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#FirstVisit - LÉ William Butler Yeats, the third OPV90 class with another sister on order costing €55m, departed Dun Laoghaire Harbour having made a maiden call this weekend, writes Jehan Ashmore.

The latest OPV90 class otherwise known as the ‘Samuel Beckett’ series named after the leadship, has been in Irish waters since July following a delivery voyage to Cork Harbour from UK shipbuilder, Babcock Marine. At the time of launch, the Naval Service announced “preparatory work for the contract extension to build a fourth OPV was well underway with production due to start in August.”

As reported yesterday LÉ William Butler Yeats was alongside Dun Laoghaire's Carlisle Pier, where almost a year ago second sister, LÉ James Joyce was named at the same quay. L.É. Samuel Beckett is currently returning to the Mediterranean to replace L.É. James Joyce. She is heading back home next Friday after a three month migrant search and rescue deployment at sea. 

Adjacent of the Carlisle Pier is the East Pier, easily the more popular of Dun Laoghaire's two piers, where strollers could see the 1,900 displacement tonnes vessel. The newcomer which has a crew of 44 personal and is equipped notably with Unmanned Aerial Vehicles (UAV). They are used for a variety of tasks, among them covert drug interdiction duties and pollution detection.

In addition the OPV's 90m long hull is to improve sea keeping characteristics, to cope when patrolling the more exposed Atlantic Ocean. At the stern there is a derrick crane and additional space for deck cargo, i.e. TEU sized containers (for stores, supplies and equipment), varying to what is required when on deployment.

The OPV90 trio represent phase one of a modernisation/ vessel replacement programme that has led all ageing ‘Emer’ OPV class decommissioned, though the disposal of LÉ Aisling remains to be seen. With the entry of LÉ William Butler Yeats, she along with her sister make up the largest of the same class out of fleet of eight, that includes a similar pair of the ‘Roisin’ class OPV80 sisters.

Next month, a twinning ceremony of LÉ William Butler Yeats is to be held next month Galway. The City of the Tribes is the adopted homeport of her direct predecessor, LÉ Aisling.

The veteran vessel likewise of her older sisters was built by Verolme Cork Dockyard, with LÉ Aisling commissioned in 1980. She would serve a 36 year career until this summer when she was decommissioned.

#FirstVisit - The newest Naval Service patrol vessel, LÉ William Butler Yeats, the third so far of the OPV90 class has made a maiden call to Dun Laoghaire Harbour this afternoon, writes Jehan Ashmore.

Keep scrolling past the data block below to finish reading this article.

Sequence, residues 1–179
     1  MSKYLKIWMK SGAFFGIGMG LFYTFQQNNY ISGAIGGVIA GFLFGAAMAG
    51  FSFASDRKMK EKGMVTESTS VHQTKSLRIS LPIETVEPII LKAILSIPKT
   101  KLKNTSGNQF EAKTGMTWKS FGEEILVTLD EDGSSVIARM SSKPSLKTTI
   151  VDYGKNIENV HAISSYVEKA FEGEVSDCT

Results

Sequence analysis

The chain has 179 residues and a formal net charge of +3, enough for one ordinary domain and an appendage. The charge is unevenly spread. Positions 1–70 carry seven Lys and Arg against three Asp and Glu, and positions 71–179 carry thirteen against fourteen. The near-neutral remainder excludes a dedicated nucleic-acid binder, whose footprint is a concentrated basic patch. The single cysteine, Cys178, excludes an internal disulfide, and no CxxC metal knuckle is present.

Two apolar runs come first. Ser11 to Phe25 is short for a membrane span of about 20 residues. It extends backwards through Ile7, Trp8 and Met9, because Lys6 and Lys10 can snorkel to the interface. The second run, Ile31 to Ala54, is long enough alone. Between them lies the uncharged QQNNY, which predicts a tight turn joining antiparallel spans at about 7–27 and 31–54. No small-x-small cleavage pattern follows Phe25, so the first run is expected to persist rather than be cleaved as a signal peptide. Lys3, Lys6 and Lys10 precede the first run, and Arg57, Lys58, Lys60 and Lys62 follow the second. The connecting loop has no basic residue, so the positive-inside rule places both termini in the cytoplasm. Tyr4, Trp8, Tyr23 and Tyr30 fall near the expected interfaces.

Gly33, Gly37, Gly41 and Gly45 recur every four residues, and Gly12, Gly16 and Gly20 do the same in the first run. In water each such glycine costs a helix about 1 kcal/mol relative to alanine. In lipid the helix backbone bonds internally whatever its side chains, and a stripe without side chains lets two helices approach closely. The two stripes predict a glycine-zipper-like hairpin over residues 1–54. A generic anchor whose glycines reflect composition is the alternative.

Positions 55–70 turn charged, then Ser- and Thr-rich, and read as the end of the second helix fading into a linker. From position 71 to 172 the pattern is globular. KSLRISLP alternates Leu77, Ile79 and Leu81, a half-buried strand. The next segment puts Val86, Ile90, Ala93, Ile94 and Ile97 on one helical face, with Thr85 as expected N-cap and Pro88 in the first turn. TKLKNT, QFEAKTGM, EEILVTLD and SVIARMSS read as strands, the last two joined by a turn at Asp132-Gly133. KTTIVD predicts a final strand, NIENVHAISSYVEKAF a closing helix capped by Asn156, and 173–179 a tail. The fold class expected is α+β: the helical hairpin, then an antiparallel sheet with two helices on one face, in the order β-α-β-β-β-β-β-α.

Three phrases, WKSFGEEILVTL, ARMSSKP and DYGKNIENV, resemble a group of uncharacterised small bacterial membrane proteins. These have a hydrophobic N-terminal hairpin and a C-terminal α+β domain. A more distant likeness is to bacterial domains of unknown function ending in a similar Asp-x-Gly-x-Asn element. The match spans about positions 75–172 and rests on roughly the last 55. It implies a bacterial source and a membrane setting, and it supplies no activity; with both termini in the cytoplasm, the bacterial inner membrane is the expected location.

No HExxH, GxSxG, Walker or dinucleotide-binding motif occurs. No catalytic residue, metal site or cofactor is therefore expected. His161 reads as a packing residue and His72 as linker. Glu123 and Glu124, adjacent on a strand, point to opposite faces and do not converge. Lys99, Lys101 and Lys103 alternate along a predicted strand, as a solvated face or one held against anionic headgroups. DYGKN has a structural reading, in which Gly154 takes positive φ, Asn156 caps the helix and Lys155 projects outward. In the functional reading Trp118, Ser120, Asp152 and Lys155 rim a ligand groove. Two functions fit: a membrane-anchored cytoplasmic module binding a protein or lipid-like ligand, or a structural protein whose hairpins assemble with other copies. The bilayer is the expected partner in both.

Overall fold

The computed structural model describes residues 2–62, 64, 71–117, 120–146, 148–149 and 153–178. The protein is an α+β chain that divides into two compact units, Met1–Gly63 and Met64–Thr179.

LÉ William Butler Yeats made her delivery voyage from UK shipbuilders to Cork Harbour in July, had berthed alongside Dun Laoghaire's Carlisle Pier (No 2 berth) this afternoon. The 90m newbuild will remain until Sunday afternoon. On this first call the OPV will not be open to the public.

A twinning ceremony of LÉ William Butler Yeats is to he held next month in city of Galway, the adopted homeport of her direct replacement, LÉ Aisling. The veteran Emer class OPV dating from 1980 was in the summer decommissioned. 

Designed by Vard Marine and built at Babcock Marine in Appledore, north Devon, the newbuild follows a previous pair of the OPV90 class or Samuel Beckett-class in which the namesake ship departed Cork Harbour today to the Mediterranean. This is her second deployment for search and rescue mission of migrants.

The second OPV sister LÉ James Joyce, last year was named at a ceremony held in Dun Laoghaire Harbour, whereas proceedings for the LÉ Samuel Beckett took place at Dublin’s city quays.

Together they were ordered by the Department of Defence under a £81m contract from Babcock Marine in October 2010, with the option of a third vessel.

LÉ William Butler Yeats which was floated out in March at the Appledore shipyard near Bideford.

#BeckettReturns - L.É. Samuel Beckett departed Cork Harbour for the Mediterranean this morning, writes the Evening Echo, as the Naval Service continues its role in European search and rescue operations in the region.